Each year about 70,000 political, economic and otherwise endangered refugees are legally admitted to the United States. Separated from home and personal history they often possess little more than their names. They step onto an airplane and step off in a foreign world; a world comparatively rich with opportunity, wealth and stability. Immediately, a new chapter of survival begins.
Utah receives 1,000-1,100 refugees each year. Each is unique, but all have fled dire circumstance. In the distinctive cultural and geographic landscape of Utah, refugees are greeted by a caseworker, taken to housing, and immediately submerged in fast-paced society far removed from their homeland. Even the smallest tasks, from turning on a light to experiencing running water in their own homes, can be mystifying. Initially surrounded by well-intentioned hosts and mentors, the refugee is endlessly briefed on a new world. From gadgets Americans take for granted, to being whisked away to apply for social security cards, food stamps, and other benefits of Federal Aid: All in a language they don’t understand.
While Americans—and many in the world—still view our nation as “…lifting our lamp beside the Golden Door” to tempest-tossed humanity…the reality of life beyond that open door for desperate emigrants needs to be understood. The door of welcome leads to an arduous set of stairs. Ascent is difficult and the process of becoming a citizen of the United States is long and daunting. And yet each year hundreds of these once-desperate refugees raise their hands in the oath of citizenship. The humbling journeys and discovery of a new definition of freedom as the heart of Finding Home: Utah’s Refugee Story serve as powerful reminders for each of us of inherent qualities in our American experience.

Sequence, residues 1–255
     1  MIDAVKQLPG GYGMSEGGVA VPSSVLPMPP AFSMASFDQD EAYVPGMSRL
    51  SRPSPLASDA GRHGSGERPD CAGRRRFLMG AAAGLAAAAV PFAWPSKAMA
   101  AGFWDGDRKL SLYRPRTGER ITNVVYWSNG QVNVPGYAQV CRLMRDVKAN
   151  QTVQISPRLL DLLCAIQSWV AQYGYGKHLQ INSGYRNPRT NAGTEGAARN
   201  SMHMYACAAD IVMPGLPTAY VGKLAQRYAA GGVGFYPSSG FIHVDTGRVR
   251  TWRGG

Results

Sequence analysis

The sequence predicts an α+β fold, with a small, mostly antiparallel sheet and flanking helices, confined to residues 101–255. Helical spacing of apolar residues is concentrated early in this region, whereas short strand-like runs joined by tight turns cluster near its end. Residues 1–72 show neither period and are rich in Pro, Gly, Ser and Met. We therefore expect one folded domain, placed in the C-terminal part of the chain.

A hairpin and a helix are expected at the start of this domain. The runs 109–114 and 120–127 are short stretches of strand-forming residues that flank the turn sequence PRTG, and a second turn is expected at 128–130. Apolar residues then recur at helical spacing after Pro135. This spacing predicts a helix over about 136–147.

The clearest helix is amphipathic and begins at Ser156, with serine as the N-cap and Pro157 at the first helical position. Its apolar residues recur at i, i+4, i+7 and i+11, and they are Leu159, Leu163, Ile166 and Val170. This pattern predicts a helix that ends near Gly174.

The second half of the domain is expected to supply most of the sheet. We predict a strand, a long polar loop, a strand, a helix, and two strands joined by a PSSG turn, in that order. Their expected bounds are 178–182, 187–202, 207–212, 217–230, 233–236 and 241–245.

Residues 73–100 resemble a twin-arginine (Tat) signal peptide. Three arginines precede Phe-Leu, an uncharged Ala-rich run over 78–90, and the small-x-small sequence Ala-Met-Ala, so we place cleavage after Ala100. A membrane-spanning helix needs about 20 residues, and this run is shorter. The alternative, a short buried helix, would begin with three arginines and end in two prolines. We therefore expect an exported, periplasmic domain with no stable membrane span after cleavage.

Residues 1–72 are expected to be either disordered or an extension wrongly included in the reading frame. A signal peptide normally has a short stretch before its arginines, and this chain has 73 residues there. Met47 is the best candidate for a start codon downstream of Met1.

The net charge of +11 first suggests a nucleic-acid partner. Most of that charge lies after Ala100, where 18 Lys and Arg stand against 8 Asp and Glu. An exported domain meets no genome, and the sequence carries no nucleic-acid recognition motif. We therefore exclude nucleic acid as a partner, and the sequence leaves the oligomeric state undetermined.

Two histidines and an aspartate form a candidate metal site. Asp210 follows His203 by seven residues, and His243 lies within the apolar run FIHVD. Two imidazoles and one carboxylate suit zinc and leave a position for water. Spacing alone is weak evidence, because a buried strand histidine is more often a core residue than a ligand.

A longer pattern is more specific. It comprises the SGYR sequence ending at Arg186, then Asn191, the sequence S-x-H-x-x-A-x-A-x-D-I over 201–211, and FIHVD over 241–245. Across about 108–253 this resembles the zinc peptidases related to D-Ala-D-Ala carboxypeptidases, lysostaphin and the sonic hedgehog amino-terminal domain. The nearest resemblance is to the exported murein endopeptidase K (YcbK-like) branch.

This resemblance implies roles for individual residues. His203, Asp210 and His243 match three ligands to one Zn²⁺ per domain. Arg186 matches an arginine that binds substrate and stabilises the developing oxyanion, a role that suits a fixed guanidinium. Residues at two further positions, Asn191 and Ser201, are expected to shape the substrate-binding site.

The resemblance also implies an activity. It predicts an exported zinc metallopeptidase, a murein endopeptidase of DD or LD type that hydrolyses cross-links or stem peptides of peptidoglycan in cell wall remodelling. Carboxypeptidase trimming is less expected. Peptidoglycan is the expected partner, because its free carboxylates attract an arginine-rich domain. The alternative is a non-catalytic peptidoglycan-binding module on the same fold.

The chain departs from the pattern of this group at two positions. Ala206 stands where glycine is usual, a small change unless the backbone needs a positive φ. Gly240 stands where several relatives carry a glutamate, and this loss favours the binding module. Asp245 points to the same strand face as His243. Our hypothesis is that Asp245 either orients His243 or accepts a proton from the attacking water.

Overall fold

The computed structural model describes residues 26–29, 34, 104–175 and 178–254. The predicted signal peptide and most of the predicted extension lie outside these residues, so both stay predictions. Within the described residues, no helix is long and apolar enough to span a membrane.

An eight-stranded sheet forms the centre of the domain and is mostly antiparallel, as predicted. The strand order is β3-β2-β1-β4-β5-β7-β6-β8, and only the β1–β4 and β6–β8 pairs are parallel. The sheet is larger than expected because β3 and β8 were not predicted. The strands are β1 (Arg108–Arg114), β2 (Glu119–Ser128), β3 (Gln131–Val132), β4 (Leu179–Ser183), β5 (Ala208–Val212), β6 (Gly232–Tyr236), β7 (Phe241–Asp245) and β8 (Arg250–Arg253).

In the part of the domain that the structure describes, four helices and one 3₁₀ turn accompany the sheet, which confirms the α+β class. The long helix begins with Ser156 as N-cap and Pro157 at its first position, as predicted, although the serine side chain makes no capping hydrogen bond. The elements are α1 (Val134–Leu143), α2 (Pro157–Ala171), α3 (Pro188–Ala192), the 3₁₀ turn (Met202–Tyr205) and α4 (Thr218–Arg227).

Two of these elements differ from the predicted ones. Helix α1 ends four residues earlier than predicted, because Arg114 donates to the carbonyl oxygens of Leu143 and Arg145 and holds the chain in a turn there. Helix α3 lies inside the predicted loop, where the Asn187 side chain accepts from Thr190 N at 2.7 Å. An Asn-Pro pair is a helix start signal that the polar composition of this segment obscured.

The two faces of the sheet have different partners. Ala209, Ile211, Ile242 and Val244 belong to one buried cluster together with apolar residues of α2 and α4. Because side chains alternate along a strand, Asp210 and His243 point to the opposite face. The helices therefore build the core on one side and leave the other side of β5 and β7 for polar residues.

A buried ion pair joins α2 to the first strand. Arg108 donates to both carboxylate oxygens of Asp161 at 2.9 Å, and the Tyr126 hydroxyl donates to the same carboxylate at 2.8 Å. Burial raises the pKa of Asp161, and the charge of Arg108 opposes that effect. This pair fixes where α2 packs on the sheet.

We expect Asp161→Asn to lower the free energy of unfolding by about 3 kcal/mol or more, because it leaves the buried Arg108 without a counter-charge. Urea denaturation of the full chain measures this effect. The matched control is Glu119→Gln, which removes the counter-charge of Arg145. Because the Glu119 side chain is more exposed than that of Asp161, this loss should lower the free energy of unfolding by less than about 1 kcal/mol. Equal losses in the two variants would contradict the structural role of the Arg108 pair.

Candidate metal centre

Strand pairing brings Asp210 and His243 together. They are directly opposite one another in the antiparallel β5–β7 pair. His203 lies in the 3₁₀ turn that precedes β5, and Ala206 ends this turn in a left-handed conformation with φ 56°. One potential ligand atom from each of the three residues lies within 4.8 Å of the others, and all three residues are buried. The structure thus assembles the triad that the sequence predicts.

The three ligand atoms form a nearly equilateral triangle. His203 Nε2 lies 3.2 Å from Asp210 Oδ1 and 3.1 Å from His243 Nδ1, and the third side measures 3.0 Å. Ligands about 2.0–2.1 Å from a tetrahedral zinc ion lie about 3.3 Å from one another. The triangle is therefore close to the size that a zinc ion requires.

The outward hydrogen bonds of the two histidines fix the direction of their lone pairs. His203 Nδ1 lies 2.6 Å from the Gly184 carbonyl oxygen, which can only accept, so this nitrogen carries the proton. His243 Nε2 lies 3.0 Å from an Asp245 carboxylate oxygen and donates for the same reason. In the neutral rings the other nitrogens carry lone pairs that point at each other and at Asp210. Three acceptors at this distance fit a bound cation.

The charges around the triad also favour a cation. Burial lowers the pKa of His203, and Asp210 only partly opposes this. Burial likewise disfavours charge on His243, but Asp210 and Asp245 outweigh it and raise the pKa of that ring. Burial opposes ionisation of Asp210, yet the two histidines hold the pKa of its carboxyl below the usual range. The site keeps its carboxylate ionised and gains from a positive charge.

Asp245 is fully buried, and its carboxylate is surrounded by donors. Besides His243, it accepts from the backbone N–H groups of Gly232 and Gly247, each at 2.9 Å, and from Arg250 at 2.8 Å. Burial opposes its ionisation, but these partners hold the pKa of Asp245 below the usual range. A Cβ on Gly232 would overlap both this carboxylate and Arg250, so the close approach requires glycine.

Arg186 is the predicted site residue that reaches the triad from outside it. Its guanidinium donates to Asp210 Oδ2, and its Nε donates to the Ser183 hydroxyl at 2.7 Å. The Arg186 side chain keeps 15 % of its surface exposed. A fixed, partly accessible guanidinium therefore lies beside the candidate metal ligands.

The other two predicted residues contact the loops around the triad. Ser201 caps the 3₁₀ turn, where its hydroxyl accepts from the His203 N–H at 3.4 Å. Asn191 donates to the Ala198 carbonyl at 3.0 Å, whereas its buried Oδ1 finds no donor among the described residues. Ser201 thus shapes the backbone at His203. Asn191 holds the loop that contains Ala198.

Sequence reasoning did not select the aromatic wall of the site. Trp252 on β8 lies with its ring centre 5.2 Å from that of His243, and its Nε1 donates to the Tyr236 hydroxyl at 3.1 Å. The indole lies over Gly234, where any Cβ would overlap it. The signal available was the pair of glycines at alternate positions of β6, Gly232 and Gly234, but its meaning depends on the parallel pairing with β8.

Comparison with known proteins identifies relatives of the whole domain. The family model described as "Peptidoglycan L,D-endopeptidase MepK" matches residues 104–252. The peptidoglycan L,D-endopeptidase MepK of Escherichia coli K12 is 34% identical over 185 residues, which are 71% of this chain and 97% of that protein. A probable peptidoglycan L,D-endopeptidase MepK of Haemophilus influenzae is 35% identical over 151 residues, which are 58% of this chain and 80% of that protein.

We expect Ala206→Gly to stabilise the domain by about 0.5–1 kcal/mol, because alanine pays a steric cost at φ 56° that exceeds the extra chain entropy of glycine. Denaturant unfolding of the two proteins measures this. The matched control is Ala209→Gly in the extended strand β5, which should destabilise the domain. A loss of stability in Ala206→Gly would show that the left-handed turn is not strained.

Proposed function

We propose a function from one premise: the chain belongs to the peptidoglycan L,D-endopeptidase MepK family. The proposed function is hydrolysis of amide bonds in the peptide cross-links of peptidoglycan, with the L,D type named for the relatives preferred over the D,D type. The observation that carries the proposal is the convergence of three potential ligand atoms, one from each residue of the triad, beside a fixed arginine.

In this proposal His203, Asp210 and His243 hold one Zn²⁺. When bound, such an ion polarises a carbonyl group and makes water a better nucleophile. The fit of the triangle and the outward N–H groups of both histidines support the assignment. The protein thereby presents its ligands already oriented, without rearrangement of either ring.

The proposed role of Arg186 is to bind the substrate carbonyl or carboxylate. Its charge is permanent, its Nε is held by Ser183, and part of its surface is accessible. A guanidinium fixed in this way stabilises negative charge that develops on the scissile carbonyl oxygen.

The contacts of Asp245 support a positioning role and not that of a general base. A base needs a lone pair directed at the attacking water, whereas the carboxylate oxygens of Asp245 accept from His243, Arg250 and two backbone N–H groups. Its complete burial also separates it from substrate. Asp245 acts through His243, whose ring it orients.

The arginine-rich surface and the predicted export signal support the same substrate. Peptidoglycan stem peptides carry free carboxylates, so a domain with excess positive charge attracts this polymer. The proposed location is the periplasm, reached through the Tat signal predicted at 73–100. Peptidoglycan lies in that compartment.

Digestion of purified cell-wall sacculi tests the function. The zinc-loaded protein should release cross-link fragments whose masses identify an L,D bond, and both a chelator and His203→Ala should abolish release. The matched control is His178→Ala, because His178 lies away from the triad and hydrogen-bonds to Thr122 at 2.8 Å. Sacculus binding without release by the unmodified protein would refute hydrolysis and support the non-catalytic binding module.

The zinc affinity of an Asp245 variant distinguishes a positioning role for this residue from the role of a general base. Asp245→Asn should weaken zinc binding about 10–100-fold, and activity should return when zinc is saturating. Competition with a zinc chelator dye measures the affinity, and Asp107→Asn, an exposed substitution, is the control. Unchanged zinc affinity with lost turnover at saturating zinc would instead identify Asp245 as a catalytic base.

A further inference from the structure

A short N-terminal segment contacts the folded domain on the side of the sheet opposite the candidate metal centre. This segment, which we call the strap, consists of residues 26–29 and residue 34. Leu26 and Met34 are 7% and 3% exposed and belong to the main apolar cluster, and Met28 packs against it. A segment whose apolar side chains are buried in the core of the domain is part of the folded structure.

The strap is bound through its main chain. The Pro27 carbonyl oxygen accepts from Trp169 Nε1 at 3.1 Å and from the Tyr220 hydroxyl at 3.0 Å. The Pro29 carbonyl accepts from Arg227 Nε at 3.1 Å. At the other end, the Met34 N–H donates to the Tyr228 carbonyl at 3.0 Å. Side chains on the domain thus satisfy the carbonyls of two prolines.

Career accreditation in their homelands is often unaccepted against our national standards. Language barriers endure. Many of refugees find themselves working low-income jobs, living in poverty, exposed to an elusive American dream on a daily, even hourly basis.
Paige Keiter found her love for film making while a student in Park City High School’s film department. She graduated from the University of Utah with Bachelor of Arts degrees in Film Studies and Mass Communication. Her journalism experiences there gave her an appreciation of the documentary format, as she chronicled the impact people can have on their communities. Paige has traveled and filmed in places such as Costa Rica, Kenya, and all along the Wasatch front. She worked for the National Geographic Channel before finding a home in public television. Her career ambition is to continue to tell the stories of people making a difference in the world, thus making a difference herself.